Bloggers

There are days when finding inspiration is challenging.  You have ideas or topics percolating in your head but would like to know if it can spark change or prompt some discussion among colleagues.  More often than not, there are others that are on your same wavelength.  I’ve found there are many educators, technologists, and bloggers that have similar passions as I do to lean on and bounce off ideas.  I turn to my fellow contemporaries in the field of instructional/educational technology for inspiration.

Here are some bloggers that I’ve connected with that inspire me to make a difference in education.  There are much more out there, find those that help inspire you.

Blog/Site Twitter Blogger(s)
Focus 2 Achieve @focus2achieve Oskar Cymerman started Focus 2 Achieve to provide iclassroom tools that empower teachers and help students achieve more success.
MyBad @JonHarper70bd Jon Harper is currently the assistant principal at Sandy Hill Elementary School in Cambridge, Maryland. He host a podcast series called MyBad on BamRadioNetwork.
ImaginED @imaginEDnow This blog is designed to support and enable imagination-focused teaching in all contexts, from formal to alternative learning contexts, and from primary school through post-secondary education.  It is about education that inspires.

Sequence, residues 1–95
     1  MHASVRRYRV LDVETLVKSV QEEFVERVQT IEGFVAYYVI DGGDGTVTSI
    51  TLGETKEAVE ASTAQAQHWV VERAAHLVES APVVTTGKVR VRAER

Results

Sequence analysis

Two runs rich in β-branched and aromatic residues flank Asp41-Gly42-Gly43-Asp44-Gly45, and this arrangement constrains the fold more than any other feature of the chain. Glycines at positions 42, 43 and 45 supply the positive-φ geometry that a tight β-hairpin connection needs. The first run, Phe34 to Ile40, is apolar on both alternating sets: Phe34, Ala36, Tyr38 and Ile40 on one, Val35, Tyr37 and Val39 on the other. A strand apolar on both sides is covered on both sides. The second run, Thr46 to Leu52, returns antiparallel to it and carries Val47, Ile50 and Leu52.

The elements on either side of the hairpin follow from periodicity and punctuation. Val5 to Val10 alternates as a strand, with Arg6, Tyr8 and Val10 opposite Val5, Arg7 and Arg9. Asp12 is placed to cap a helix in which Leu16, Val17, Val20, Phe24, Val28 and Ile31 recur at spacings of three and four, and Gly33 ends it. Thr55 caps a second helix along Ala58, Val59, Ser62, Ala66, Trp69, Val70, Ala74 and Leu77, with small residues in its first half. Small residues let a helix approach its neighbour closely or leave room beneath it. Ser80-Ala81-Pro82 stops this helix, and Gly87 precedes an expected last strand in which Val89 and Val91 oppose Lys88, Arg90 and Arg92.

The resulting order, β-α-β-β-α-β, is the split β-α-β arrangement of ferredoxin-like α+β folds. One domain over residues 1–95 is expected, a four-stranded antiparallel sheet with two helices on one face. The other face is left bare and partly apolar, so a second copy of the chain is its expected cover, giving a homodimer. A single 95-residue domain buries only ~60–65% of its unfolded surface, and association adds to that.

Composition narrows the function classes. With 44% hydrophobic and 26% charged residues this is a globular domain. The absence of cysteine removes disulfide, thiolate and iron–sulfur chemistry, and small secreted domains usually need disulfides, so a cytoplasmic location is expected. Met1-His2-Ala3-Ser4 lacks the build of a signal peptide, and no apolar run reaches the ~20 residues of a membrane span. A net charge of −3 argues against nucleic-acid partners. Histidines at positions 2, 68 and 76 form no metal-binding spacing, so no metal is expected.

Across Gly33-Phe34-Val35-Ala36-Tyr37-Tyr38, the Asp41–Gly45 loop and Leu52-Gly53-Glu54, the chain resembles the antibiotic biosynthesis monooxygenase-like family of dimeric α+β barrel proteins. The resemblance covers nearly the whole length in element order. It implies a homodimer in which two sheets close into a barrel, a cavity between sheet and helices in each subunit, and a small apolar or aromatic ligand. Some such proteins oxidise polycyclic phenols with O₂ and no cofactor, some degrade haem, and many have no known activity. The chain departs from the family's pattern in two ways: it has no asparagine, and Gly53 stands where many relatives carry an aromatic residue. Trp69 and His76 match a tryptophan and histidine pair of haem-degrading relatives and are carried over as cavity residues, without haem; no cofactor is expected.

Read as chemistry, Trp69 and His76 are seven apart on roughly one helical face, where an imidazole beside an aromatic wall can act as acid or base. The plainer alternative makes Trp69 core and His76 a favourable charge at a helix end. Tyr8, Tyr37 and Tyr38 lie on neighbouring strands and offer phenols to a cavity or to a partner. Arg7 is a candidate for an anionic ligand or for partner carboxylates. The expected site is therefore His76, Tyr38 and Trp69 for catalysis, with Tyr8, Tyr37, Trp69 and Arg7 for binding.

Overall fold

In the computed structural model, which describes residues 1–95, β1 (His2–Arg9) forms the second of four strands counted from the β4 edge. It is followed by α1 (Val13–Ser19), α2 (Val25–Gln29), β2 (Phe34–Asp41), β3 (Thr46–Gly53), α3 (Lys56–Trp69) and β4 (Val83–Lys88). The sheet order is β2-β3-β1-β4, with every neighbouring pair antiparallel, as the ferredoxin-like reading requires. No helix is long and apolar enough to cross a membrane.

EdCamp Global @EdChangeGlobal The 24 Hour online global event is coming February 28th-March 1st 2017. The sessions and challenges will run for 24 hours to accommodate any schedule across the globe.
Shake Up Learning @ShakeUpLearning Kasey Bell is a digital learning consultant, speaker, and blogger with a passion for technology and learning.
EdTech After Dark @EdTechAfterDark Created and moderated by Alex Stubenport, Zac Leonard, and Dan Koch, this blog and site is rich in EdTech talk and ideas. There’s a weekly chat every Monday night @ 10PM EST.
Alice Keeler @alicekeeler Alice Keeler is someone you should follow if you are involved with Google Apps.   She’s usually the first person I look for when I have a question about Google.
Calliope Global @ProfeEdTech

@JenWilliamsEdu

Jennifer Williams and Fran Siracusa are two more educators that strive to inspire others to drive change in education.   

PLNs